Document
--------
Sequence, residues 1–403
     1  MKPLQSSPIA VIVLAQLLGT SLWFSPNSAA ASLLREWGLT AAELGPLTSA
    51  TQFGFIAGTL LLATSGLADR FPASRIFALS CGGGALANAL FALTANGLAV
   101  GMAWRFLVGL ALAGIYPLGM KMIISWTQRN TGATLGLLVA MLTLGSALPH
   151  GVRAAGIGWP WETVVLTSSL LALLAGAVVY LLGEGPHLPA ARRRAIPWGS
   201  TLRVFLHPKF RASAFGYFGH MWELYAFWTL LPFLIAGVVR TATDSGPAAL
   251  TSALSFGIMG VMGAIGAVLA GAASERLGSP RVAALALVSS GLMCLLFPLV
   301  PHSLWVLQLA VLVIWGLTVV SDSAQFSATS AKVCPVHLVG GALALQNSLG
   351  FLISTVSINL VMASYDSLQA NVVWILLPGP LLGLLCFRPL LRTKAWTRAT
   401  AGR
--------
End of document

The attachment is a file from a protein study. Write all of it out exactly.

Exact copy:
Sequence, residues 1–403
     1  MKPLQSSPIA VIVLAQLLGT SLWFSPNSAA ASLLREWGLT AAELGPLTSA
    51  TQFGFIAGTL LLATSGLADR FPASRIFALS CGGGALANAL FALTANGLAV
   101  GMAWRFLVGL ALAGIYPLGM KMIISWTQRN TGATLGLLVA MLTLGSALPH
   151  GVRAAGIGWP WETVVLTSSL LALLAGAVVY LLGEGPHLPA ARRRAIPWGS
   201  TLRVFLHPKF RASAFGYFGH MWELYAFWTL LPFLIAGVVR TATDSGPAAL
   251  TSALSFGIMG VMGAIGAVLA GAASERLGSP RVAALALVSS GLMCLLFPLV
   301  PHSLWVLQLA VLVIWGLTVV SDSAQFSATS AKVCPVHLVG GALALQNSLG
   351  FLISTVSINL VMASYDSLQA NVVWILLPGP LLGLLCFRPL LRTKAWTRAT
   401  AGR